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Need more start up torque

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randyjaco

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#1
I picked up a 20's model Heston and Anderson 14 " bandsaw for cheap. The problem is that it has very little start up torque. Once it is running it seems to have plenty of power. I would like to keep the original motor if possible. The motor in question is a 1/3 hp Century. I can’t locate the capacitor, so that idea seems to be out. I have loosened the belt and blade, so the saw turns very easily. Still about the half the time, I have to spin the wheels to get it started. All the electrical connections are clean and fresh. The motor pulley is about as small as possible. Any ideas on what I can do to get this puppy to start up on its own?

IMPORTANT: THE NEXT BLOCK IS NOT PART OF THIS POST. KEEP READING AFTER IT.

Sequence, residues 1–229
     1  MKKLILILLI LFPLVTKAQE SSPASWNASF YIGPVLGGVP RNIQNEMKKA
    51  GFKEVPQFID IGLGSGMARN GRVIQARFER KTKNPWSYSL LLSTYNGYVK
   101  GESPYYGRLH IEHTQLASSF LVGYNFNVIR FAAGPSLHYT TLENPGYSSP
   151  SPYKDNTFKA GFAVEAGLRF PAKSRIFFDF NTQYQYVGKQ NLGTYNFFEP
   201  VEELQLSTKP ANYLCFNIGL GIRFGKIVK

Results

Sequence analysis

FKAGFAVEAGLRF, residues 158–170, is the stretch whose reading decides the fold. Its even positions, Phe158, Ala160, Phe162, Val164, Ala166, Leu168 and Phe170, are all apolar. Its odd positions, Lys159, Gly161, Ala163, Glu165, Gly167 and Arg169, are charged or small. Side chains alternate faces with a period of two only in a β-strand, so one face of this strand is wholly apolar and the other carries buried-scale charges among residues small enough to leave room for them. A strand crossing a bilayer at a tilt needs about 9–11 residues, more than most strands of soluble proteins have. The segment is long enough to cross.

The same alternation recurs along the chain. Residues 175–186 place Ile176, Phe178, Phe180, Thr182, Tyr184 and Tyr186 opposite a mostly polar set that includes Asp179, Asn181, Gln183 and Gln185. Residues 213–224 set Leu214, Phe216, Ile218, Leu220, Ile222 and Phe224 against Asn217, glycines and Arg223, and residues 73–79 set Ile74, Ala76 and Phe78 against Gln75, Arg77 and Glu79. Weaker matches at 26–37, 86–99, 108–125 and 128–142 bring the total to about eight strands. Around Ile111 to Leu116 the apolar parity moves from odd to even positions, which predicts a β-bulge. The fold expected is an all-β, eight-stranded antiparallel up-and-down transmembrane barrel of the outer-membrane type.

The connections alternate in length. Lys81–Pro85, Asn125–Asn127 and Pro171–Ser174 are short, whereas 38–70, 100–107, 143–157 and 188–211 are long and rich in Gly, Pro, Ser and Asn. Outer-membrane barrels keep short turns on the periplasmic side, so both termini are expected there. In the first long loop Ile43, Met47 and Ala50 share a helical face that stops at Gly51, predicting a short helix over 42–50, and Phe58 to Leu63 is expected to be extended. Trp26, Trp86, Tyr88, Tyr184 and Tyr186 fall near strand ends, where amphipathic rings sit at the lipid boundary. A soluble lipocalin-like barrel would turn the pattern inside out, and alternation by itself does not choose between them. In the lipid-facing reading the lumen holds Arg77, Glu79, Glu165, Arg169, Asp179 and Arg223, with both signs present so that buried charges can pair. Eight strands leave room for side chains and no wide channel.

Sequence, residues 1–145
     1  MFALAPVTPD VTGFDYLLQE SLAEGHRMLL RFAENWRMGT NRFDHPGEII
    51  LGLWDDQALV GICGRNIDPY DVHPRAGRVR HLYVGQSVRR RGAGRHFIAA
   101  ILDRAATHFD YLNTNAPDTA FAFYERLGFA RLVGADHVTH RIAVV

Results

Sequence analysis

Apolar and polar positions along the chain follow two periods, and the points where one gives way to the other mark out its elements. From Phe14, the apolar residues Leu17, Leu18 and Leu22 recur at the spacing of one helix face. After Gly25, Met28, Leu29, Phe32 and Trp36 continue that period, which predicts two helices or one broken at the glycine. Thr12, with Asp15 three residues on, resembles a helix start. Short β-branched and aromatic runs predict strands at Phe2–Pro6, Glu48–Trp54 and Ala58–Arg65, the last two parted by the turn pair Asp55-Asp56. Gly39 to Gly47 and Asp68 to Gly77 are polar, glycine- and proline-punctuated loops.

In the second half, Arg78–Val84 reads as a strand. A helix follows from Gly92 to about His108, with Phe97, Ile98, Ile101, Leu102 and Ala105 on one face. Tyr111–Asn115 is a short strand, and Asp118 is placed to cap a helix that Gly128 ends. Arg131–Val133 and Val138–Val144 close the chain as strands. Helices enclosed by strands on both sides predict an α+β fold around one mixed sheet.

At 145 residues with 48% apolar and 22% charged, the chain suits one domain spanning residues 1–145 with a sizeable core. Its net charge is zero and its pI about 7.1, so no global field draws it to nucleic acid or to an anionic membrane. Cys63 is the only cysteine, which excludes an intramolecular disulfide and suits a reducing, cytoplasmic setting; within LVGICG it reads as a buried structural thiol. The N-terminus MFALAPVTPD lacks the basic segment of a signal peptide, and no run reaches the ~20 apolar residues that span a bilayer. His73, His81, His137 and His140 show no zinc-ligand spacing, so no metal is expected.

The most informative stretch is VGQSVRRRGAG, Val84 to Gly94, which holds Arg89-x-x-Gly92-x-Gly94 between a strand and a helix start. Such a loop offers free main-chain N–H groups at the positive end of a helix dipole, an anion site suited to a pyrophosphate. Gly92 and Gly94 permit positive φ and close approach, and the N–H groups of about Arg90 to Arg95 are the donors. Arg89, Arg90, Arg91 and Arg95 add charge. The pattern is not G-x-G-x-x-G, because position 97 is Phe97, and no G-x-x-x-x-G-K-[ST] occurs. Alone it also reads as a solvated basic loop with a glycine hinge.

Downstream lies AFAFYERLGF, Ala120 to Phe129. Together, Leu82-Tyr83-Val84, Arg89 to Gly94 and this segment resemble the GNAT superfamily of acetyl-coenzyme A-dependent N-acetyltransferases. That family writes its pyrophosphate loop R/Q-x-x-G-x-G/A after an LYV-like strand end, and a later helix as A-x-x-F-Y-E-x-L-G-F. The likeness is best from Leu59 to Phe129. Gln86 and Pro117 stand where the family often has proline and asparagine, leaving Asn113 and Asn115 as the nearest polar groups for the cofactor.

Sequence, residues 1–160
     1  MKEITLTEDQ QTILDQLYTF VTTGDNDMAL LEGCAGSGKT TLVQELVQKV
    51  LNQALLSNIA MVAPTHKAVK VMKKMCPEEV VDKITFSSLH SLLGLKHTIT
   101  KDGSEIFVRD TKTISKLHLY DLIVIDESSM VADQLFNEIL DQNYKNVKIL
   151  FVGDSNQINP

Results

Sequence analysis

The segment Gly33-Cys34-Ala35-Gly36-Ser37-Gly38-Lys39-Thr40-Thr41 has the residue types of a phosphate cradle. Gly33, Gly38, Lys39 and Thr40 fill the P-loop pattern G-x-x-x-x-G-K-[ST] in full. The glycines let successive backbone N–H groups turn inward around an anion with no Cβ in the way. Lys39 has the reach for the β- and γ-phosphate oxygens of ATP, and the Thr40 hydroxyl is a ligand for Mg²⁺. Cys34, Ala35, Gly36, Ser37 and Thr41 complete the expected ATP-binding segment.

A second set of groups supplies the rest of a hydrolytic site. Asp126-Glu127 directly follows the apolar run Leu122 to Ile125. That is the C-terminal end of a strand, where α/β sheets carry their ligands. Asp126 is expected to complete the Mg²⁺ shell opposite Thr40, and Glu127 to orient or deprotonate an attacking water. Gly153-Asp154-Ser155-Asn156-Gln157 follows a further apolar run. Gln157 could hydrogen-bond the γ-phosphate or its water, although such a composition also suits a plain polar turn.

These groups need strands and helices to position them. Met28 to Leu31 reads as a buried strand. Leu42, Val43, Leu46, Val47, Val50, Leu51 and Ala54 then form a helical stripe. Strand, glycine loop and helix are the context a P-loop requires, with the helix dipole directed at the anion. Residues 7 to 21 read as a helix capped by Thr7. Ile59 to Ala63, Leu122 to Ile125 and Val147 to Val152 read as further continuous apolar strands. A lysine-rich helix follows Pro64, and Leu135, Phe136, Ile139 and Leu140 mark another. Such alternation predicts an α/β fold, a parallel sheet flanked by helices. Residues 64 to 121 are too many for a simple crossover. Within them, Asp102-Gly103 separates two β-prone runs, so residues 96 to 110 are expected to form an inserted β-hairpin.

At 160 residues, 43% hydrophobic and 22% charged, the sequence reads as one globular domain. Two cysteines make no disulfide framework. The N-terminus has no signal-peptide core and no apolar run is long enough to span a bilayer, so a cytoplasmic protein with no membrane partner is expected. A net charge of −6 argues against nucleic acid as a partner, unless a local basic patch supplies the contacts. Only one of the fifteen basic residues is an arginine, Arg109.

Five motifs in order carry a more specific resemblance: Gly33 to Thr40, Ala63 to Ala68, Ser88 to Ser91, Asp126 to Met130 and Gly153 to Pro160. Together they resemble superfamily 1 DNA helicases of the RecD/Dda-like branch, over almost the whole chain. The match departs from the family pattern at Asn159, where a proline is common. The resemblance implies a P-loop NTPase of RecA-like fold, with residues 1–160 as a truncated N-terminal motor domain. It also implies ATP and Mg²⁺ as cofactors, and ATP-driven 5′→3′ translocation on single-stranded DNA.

TIA
Randy
 

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whitmore

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#2
Are the bearings still relatively tight? There's a possibility that bearing wear has
allowed the rotor to go off-center, in which case there might be a 'dead' zone
that doesn't give you much starting torque. After the motor hits speed,
the oil film makes the rotor better-centered in the stator. That's an unvented
motor with oil cups; it has a LOT of age on it, you might want to consider
a newer replacement.
Can't tell from the pix, if it has 120/240 windings, it'll start and run
better from 240AC.
 

Rustrp

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#3
At first guess, the start windings, if there's no capacitor and as whitmore stated the bearings may be causing the motor to lock/stay in position due to worn bearings/bushings which were common. A close-up of the data plate might help or just post the data. There were many changes happening in electric motors during that era, and over a short period of time. Good luck on keeping it original.